(e)SCoOP:  Sustainable Composting and Outreach Program

Compost illustration with shovel and plant. Purchased from Flaticon.com

SCoOP: Research to learn about composting and the microbes and conditions that promote the process. Events and resources to share findings, raise awareness, and encourage collaboration. Illustration from Flaticon.com.

The (e)SCoOP

The theme for this summer’s Wicked Problems, Wolfpack Solutions course is The Future of Food. Composting efforts on campus have been increasing as well as research to maximize the creation of value-added compost products to enhance soil quality and productivity. With the opening of Fitts-Woolard Hall and the Plant Sciences Building and advances in computational, agricultural engineering, and molecular biology tools on campus, we have the unique opportunity to bring together several units on campus to increase composting knowledge to enhance organic residue stabilization, soil productivity, and quality while engaging students in research and education experiences. 

Does our campus community know about the exciting opportunities in sustainability, community engagement, and research related to composting? 

The objective of this project is to create new opportunities for student research and engagement that directly impact sustainability and align with the campus sustainability vision.

From a research standpoint, it is critical to quantify microbial community composition and dynamics throughout the composting process and determine how microbes can shape the greenhouse gas (GHG) emissions associated with the composting process. Novel products, such as biochar, have been shown to reduce both biosafety concerns[1] and GHG emissions[2], while increasing the carbon sequestration potential of compost. 

Understanding how different microbial communities influence GHG emissions and how biochar can be leveraged in composting different residues (production byproducts, consumption byproducts) is critical to develop recommendations for use and to ensure safe, sustainable organic residue management.


SCoOP Timeline updated December 2022. We have completed Steps 1-3 and are currently working on Step 4 in preparation for Step 5 in January 2023. Step 5 consists of outlining a detailed description of how a process needs to be performed to go from compost samples to lab experiments and data. The protocols will be shared with the community though the SCoOP website. Step 6 will focus on creating accessible outreach and informational materials. We have begun interacting with companies, the NC State Libraries, The NC State Science House, and staff to document and create informational materials and plan events to engage the community.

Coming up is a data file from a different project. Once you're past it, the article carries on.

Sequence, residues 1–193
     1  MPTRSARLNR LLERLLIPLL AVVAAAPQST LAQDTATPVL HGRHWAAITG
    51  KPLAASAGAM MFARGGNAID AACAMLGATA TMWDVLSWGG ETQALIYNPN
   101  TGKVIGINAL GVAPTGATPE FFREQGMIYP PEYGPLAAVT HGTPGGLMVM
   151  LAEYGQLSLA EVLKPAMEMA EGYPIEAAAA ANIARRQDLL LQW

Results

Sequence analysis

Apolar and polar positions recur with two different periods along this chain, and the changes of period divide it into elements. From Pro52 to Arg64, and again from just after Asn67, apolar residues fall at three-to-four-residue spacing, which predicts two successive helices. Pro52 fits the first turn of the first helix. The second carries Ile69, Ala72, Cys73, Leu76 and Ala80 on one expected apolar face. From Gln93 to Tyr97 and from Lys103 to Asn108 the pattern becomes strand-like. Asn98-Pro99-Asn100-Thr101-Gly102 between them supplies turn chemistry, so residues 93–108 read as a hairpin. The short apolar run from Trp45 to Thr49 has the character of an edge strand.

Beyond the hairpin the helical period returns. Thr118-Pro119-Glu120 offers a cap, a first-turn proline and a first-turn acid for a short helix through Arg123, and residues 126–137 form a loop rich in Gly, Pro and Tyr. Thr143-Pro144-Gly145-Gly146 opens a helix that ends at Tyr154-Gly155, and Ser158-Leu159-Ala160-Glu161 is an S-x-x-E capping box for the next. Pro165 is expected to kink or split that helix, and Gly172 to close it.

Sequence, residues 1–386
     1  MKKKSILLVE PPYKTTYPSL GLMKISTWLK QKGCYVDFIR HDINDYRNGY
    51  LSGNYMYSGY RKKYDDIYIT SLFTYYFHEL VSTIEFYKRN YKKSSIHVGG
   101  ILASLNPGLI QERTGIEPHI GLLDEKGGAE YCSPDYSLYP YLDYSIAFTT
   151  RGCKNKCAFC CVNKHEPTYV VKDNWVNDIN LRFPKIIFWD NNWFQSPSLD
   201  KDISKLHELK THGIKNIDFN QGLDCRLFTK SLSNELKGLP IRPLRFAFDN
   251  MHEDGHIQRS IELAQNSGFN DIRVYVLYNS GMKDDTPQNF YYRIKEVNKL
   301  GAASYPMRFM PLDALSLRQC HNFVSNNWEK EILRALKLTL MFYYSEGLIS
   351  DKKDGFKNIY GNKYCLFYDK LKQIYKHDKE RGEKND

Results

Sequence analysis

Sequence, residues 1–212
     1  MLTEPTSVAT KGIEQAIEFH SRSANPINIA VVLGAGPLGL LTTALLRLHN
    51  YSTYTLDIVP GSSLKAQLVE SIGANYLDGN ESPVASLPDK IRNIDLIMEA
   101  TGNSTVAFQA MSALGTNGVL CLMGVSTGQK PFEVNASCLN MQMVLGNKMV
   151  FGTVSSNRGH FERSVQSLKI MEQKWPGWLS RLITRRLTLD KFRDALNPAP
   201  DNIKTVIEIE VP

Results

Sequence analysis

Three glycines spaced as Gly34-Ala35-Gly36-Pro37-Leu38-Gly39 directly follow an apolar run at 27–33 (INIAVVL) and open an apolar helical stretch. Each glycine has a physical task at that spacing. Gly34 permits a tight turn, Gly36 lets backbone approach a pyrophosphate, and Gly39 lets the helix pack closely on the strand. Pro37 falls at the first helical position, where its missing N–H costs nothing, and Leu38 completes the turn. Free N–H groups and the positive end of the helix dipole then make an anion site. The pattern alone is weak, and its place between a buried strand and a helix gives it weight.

SCoOP Logic Model updated December 2022. SCoOP undergraduate researchers and mentors are working on projects connecting campus composting activities, waste management practices, and molecular biology techniques. Participants have worked with mentors and helped launch a Google Site for SCoOP (go.ncsu.edu/ncsuscoop) that will connect to a PubPub.org site that we are developing to post composting and sustainability-related articles and updates. Further, the SCoOP group has worked with undergraduate scholar Nidhi Grover to create open-access protocols on Protocols.io that can be accessed through our website. The SCoOP group is planning campus events and mentors are discussing external funding to continue and expand activities. Red scooper indicates short-term objectives we have met and the red icon of progress toward a goal (person stepping on increasingly taller bar graphs to reach flag) are in progress.

2022 SCoOP Mid-Project Report

Download our Mid-Cycle Report

Read our mid-cycle report (linked on the left).

SCoOP will continue to:

The educational component of this project will focus on addressing challenges facing wide-scale composting implementation, such as contamination and sorting, through developing communication tools to increase knowledge pertaining to composting. Students from a variety of majors, academic levels, and programs will work in interdisciplinary teams as part of the Campus as a Classroom (CAC) program, conducting original research and launching informational events to engage our campus community in critical discussions about the vital role of composting in NC State's sustainability efforts.

This project will directly support undergraduate researchers who will serve as scholars and ambassadors catalyzing new collaborations. Awareness of campus composting initiatives and discussions about how to increase food waste composting will inform and empower students as stakeholders to consider composting from interdisciplinary perspectives.

The impact of this project will be:


[1] Cui, E., Wu, Y., Jiao, Y., Zuo, Y., Rensing, C., & Chen, H. (2017). The behavior of antibiotic resistance genes and arsenic influenced by biochar during different manure composting. Environmental Science and Pollution Research, 24(16), 14484-14490.

[2] Yin, Y., Yang, C., Li, M., Zheng, Y., Ge, C., Gu, J., ... & Chen, R. (2021). Research progress and prospects for using biochar to mitigate greenhouse gas emissions during composting: a review. Science of The Total Environment, 798, 149294.

SCoOP: Sustainable Composting and Outreach Program (SCoOP) logo. Shovel and text.